DEBUNKING VOODOO HYDROLOGY: “The rise of Green Infrastructure and Resilience Planning opens the door for newer Voodoo like never before,” observes Andy Reese, water resources engineer and author
Note to Reader:
Andy Reese coined the term Voodoo Hydrology in 2006 to describe the misapplication of science that characterizes drainage engineering and stormwater management practice. He is a prominent and popular American water resources engineer, writer, speaker, and textbook author. Since February 2013, he has delivered an annual webinar for Forester University titled Voodoo Hydrology – Pitfalls of Urban Hydrology Methods & What You Need to Know.
Should We Trust the Results of Commonly Applied Methodologies?
Protection of watershed health starts with an understanding of how water gets to a stream from individual sites, how long it takes, and whether there are impacts along the way. A lesson learned is: avoid the pitfalls of Voodoo Hydrology!
An Inexact Science
According to Andy Reese, “My old friend Dr. Tom Debo, late of Georgia Tech and co-author of our textbook Municipal Stormwater Management, is fond of saying, ‘I love urban hydrology. They can never prove you are wrong, only inconsistent.’ As a stormwater community, we have for years relied upon common urban stormwater hydrologic design methodologies and trusted their results. But, should we?”
Andy Reese cautions that: “We must understand that urban hydrology, including newer Green Infrastructure sizing approaches, as commonly practiced, is an inexact science where we are simply trying to get close to the right answer. We are dealing with probabilities and risk, a changing land-use environment, and many real-world factors that can alter the answer. The applications we may encounter can vary radically.”
Recognize the Unstated Assumptions
“To ensure proper application, it is essential to understand the inner workings of the black box (maybe black magic) and unstated assumptions inherent in urban stormwater hydrology that we commonly use (e.g., computer packages).”
“The good news is that, as Dr. Tom Debo says, ‘Who can prove you are wrong?’ Well, the Omniscient Being can, but is probably busy elsewhere.”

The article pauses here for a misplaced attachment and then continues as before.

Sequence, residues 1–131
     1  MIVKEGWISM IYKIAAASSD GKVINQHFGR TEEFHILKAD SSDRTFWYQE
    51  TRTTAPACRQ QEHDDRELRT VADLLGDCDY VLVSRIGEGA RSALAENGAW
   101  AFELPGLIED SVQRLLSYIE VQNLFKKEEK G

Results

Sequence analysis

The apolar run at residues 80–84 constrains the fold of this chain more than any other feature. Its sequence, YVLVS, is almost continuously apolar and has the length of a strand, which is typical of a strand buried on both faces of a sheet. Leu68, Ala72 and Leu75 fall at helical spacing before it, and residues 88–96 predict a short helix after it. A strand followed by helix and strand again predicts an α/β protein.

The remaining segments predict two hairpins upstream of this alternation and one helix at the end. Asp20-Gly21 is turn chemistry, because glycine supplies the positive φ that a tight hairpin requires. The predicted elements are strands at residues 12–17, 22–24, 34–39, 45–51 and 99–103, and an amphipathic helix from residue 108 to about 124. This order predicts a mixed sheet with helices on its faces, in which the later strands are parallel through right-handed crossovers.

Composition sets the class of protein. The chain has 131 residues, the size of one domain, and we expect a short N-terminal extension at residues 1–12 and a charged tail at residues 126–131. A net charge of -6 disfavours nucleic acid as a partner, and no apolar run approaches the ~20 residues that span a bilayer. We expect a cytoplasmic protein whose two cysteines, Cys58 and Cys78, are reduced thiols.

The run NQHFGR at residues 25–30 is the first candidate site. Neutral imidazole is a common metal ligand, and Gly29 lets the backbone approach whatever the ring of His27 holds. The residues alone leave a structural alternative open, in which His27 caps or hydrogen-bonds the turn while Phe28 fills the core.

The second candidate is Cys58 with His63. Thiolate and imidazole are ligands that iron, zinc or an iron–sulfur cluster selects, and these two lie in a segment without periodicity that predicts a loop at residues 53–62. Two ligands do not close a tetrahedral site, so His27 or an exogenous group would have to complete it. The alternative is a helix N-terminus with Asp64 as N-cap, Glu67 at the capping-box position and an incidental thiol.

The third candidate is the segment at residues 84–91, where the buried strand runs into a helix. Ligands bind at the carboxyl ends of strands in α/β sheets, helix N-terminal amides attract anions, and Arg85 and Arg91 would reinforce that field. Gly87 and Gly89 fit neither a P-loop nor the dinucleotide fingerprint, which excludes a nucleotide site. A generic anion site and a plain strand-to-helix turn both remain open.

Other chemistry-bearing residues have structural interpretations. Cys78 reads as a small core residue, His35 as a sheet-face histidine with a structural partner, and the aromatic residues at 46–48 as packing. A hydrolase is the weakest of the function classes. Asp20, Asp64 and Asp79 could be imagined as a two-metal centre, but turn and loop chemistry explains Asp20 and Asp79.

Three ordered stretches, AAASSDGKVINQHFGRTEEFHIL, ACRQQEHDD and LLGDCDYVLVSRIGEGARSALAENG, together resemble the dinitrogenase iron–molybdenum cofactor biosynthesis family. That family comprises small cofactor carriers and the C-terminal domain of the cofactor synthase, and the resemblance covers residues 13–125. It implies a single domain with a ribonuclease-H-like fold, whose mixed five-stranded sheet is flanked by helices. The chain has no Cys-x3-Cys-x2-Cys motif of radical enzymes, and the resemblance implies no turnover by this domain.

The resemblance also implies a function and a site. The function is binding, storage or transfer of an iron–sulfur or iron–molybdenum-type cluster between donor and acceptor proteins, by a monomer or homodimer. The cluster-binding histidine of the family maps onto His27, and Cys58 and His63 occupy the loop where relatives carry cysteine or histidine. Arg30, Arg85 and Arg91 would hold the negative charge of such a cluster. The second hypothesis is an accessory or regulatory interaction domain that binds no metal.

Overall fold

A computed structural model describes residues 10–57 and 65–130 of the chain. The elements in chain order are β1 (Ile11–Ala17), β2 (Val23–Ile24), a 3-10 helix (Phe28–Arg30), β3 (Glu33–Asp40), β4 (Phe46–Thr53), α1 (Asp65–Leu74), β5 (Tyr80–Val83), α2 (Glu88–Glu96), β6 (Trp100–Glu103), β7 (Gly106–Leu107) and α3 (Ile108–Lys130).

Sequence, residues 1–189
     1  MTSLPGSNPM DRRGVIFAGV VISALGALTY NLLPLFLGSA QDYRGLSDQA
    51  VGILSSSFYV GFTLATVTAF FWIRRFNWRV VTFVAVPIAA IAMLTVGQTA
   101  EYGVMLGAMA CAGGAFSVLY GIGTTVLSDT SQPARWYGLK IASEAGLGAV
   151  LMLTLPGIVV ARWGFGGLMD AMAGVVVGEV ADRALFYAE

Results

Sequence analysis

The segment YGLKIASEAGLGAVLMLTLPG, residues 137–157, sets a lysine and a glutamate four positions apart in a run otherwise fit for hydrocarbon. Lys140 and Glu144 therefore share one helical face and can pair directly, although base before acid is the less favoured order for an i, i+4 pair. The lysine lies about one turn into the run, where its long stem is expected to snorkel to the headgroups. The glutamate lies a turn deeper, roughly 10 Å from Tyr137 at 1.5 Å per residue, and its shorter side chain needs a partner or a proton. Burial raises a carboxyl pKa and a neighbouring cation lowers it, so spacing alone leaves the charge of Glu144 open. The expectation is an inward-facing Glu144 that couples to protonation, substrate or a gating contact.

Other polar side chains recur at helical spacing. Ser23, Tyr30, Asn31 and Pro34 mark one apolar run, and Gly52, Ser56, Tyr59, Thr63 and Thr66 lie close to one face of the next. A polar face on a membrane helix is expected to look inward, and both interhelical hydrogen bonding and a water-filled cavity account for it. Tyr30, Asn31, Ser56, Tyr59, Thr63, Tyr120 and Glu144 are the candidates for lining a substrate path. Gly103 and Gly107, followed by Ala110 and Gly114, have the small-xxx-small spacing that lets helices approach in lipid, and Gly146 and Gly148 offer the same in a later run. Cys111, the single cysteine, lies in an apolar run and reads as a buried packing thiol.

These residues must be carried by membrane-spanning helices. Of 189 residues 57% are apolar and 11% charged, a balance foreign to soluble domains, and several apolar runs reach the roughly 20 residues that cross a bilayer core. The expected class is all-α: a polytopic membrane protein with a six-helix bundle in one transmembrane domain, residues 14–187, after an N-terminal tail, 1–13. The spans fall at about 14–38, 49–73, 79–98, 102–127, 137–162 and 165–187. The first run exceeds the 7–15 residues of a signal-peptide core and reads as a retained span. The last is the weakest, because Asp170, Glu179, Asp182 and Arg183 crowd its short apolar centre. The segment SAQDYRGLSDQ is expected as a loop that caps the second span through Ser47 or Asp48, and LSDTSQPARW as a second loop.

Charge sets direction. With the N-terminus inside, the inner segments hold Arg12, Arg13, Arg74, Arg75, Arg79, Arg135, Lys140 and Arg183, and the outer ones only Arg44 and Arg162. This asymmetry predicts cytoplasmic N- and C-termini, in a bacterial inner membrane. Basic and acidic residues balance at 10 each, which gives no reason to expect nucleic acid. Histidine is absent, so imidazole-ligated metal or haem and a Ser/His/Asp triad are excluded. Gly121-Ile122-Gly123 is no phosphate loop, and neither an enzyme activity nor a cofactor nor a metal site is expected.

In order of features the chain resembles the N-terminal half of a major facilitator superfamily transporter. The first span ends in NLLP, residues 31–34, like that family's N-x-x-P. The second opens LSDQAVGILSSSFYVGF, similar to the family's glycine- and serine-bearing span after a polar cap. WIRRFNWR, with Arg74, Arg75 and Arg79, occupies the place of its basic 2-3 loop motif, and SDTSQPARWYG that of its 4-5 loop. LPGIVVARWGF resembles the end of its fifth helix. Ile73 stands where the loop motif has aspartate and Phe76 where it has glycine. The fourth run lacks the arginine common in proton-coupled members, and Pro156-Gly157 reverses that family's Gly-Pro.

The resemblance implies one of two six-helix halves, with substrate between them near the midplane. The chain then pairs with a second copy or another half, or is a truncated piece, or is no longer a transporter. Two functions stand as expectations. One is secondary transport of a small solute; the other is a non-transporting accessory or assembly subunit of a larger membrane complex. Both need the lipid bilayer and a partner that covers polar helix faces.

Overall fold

“The rise of Green Infrastructure and Resilience Planning opens the door for newer Voodoo like never before,” concludes Andy Reese.
To Lear More:
In the July/August 2006 issue of Stormwater Magazine, Andy Reese offered his perspective on urban hydrologic practice. His article is about understanding some of the basics of methods drainage designers have taken for granted for years. In this regard, the article serves as an especially relevant Primer on contemporary practices.
To download a PDF copy of a story posted on the waterbucket.ca website in 2013, click on Voodoo Hydrology: Andy Reese on ‘Pitfalls of Urban Hydrology Methods & What You Need to Know’. The web story is complete with the 2006 article by Andy Reese.
Why We Need to Look at a Watershed as a Whole System
“We need to look at the watershed as a whole, the flow paths and timing of flow, the total mass balance and effects of change before beginning to examine the design of mitigation strategies,” notes Jim Dumont in adding his voice of experience to that of Andy Reese. Jim Dumont is the Engineering Applications Authority for the Partnership for Water Sustainability in British Columbia.
Apply the Water Balance Methodology
“The need to protect headwater streams and groundwater resources in British Columbia means communities must expand their view from one that looks at the site by itself, to one that considers the site, watershed, stream and aquifer as an integrated system.”
“We cannot make the assumption that previous methods of analysis used for drainage design will be adequate; rather, we must utilize appropriate methods which include the streams that we are trying to protect,” concludes Jim Dumont.
To Learn More:
Click on Primer on Water Balance Methodology for Protecting Watershed Health because it provides guidance on how to apply the methodology to establish performance targets that link the site, watershed, stream and aquifer, namely: storage volume, infiltration area and flow release rate.